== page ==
I was inspired to do an entire blog dedicated to fertilizer after briefly touching on the topic in my last series of blogs about planning. I cannot emphasize enough how important it is to give your plants the nutrients they need to thrive. While most homeowners never fertilize, you will see a dramatic difference once you do.
Different Types of Fertilizers
If you know me at all, you’ll hear me spout the benefits of a slow-release fertilizer versus a liquid one. You can also choose between organic or synthetic — I generally use organic, however, a synthetic for your annuals is also ok.
Slow-release fertilizers will take a few weeks to start working but each application will last between three and four months. If your plants need something sooner, liquid fertilizer is a great way to fill-in-the-gap. Imagine liquid fertilizer is food for today, while slow-release is food for tomorrow.
Speaking of food, Miracle-Gro is like a hamburger from a fast-food restaurant. It sounds great, is easy to get, and the price is right — but it’s lacking real nutrition. You don’t have to throw this product away if you already have at home. I just recommend using it sparingly and as part of a more wholesome fertilization plan.
Established Landscape Plants
If you want your shrubs, trees, and perennials to be lush and healthy, you need to fertilize at least once per year — ideally twice — to replenish the nutrients in the soil. This can be as simple as adding a layer of compost. However, what I recommend is applying a good broad-spectrum fertilizer evenly over the surface of the soil, avoiding the base or crown of your plant.
Apply your fertilizer to established plants in the spring and for perennials that you buy in the spring, give them a good feeding in the fall. While every product provides specific instructions for how much to use, generally a small handful per established shrub is sufficient. One that I like to use, and a brand that we carry at the greenhouse, is Plant-tone by Espoma.
Annuals and Tropicals: Beds and Pots
If you want outstanding looking plants that are green and big and awesome, fertilizer is the difference. Start feeding right away — annuals will not have any extra feed in their soil. Plant them in a potting soil that does not have slow-release, and then add fertilizer on top. At home, as soon as my patio pots are planted, we add a nice dose of slow-release which means every time they’re watered and every time it rains, they are getting a dose of the good stuff.
Come August, when everything is huge and crazy, and probably drying out every day. You may need to up your fertilizer game with another dose of slow-release or including a liquid fertilizer with your watering every two days. My recommendation is to use this time to give your baskets a trim, feed them with both a slow-release and liquid fertilizer, and this will keep them going until October.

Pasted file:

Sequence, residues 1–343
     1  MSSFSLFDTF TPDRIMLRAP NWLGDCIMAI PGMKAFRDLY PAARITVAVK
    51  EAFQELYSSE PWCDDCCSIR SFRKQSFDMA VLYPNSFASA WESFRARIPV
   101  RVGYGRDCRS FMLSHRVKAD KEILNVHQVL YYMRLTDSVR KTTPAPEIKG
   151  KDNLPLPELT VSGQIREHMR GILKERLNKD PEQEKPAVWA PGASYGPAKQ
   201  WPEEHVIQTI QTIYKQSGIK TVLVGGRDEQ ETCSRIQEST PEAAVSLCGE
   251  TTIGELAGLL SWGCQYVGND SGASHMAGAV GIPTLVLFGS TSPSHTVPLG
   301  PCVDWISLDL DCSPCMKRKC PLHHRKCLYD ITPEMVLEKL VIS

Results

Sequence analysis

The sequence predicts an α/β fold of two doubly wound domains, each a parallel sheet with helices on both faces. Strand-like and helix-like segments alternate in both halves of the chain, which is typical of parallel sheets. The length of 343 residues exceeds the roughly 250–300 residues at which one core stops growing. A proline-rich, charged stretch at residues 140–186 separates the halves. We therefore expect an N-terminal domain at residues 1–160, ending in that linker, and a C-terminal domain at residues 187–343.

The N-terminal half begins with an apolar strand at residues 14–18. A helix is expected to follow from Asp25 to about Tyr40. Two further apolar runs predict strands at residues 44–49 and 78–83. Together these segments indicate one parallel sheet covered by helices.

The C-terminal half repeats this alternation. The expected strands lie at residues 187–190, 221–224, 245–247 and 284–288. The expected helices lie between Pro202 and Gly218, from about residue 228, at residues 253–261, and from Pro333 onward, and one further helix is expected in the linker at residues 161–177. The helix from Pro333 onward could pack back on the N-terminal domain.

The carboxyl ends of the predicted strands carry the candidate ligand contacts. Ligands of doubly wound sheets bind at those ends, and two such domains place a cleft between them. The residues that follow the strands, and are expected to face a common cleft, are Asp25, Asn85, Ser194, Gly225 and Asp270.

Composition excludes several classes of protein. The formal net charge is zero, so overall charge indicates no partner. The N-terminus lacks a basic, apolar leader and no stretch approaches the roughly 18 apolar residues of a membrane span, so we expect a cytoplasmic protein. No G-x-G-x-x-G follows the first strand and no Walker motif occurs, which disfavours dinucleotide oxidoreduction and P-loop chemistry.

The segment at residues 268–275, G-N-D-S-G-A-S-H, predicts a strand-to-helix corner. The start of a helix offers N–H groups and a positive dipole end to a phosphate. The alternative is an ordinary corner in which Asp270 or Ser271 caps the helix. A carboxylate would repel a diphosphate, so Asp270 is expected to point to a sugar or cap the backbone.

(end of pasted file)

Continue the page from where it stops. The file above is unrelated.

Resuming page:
Building up your soil health every year is key. Adding a layer of compost and then working some more into each hole as you plant is a great start. Espoma has Garden-Tone and Tomato-Tone, both of these work well if you want to skip a year of adding compost or your planting in pots. Alternatively, if you do just compost, I recommend applying a shot of fertilizer a month after planting. This will help the plant to overcome common nutritional disorders once it starts producing flowers and fruit.
Common Signs of a Starved Plant
The most common sign that a plant is hungry or nutritionally imbalanced is if the leaves at the bottom of the stem are browning and dropping from the plant. For plants in a patio pot or planter, sometimes the browning will look like it’s coming out of the middle of the plant. The reason for this is that plants steal nutrients from the oldest part of the plant and feed it to the newer parts. While a plant can sustain that for a while, the best way to alleviate the situation is with boost of fertilizer. Liquid fertilizer will be a week-long solution while slow-release will last a month or longer.
Young Growth is Lime-Green
Common in our area is water with a high pH level (meaning the water is basic). Many plants, like petunias, blueberries, and million bells, do not like that. They prefer a lower pH, so if you’re seeing plants that are going lime green at the very tip — on the youngest growth — that is generally a sign that your pH is too high. At the greenhouse, we will address this issue during watering, but you’ll want to find a fertilizer that is good for acid-loving perennials such as Holly-Tone or Soil Acidifier from the Espoma line.
Green with Envy
With everything in gardening, trying to stay ahead of the plants’ needs is the best way to guarantee success. Be forewarned! Your neighbors will want to know your secret.